Kim Voss studies social movements, labor, inequality, higher education, and comparative-historical sociology.
Her current research investigates the immigrant rights movement, examines dilemmas currently facing the U. S. labor movement, analyzed the shifting terrain of U. S. higher education, and surveys precarity in the San Francisco Bay Area. In addition to publishing in academic journals in sociology, political science, and demography, she has written or edited six books: Rallying for Immigrant Rights (2011, with I. Bloemraad), Hard Work: Remaking the American Labour Movement (2006, with R. Fantasia), Rebuilding Labour: Organizing and Organizers in the New Union Movement (2004, with R. Milkman), Des Synidcats Domestiques: Repression Patronale et Resistance Syndicale Aux Etas-Unis (2003, with R. Fantasia), Inequality by Design: Cracking the Bell Curve Myth (1996, with five Berkeley colleagues), and The Making of American Exceptionalism: The Knights of Labour and Class Formation in the Nineteenth Century (1993).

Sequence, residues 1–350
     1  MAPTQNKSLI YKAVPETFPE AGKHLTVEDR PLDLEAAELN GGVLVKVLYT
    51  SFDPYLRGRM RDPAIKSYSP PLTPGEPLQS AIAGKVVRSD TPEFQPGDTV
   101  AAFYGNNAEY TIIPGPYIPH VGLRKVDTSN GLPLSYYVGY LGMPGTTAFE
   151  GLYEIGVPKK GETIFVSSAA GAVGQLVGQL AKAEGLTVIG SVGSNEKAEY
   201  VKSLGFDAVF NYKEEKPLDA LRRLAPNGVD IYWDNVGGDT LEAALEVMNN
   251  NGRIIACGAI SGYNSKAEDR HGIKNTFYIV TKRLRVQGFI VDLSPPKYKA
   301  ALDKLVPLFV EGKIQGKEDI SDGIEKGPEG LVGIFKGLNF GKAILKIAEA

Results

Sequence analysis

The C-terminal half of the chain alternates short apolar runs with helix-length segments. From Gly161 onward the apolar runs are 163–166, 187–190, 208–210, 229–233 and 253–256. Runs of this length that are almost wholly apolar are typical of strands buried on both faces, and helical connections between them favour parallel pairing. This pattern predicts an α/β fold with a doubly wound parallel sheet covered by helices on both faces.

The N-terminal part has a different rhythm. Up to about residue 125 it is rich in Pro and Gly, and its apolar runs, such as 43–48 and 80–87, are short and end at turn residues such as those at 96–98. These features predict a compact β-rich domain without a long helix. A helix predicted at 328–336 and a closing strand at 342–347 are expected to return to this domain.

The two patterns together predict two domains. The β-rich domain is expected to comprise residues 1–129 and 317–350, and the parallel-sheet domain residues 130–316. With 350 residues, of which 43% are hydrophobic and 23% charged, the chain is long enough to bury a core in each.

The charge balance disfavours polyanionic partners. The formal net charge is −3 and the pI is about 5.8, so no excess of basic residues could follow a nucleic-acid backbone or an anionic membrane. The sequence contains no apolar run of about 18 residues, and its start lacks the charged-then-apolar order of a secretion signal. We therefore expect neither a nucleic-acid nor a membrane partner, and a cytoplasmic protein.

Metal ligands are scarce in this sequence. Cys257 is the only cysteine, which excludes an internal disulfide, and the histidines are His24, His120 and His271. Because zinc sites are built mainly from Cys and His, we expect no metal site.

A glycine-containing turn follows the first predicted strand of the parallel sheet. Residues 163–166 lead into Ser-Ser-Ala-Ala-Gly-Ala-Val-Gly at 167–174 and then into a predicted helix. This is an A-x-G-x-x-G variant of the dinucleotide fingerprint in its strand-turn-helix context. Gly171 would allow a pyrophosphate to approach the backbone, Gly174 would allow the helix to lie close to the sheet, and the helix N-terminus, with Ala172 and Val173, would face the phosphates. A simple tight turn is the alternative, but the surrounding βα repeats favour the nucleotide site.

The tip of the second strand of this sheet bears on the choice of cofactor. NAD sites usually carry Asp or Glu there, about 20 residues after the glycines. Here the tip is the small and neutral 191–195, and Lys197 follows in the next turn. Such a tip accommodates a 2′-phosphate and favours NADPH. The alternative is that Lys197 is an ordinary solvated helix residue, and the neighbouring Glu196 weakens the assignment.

Her latest publications are a forthcoming article in Social Problems: "Persistent Inequalities in College Completion, 1980-2010" (with Michael Hout and Kristin George), two 2020 articles in the Journal of Ethnic and Migration Studies: "Movement or Moment? Lessons from the pro-immigrant movement in the United States and contemporary challenges," (with I. Bloemraad) and "The Limits of Rights: Claims-making on behalf of immigrants" (with F. Silva and I. Bloemraad), and one (2020), "Been Down So Long, It Looks Like Up To Me: Shifting Targets, Changing Repertoires, and Internal Democracy in the U.S. Labor Movement" (with Pablo Gaston), in James Jasper and Braydon King, Protesters and Their Targets, Temple University Press.
She has also cowritten two recent research briefs with Tipping Point Community and three OBI colleagues: Taking Count 2021: A Study on Poverty in the Bay Area and Taking Count 2020: A Study on Poverty in the Bay Area. In addition, she wrote "Inequality at Work: Job Quality in the Bay Area," with Daniel Schneider and Payal Hathi as a part of Taking Count 2020: A Study on Poverty in the Bay Area.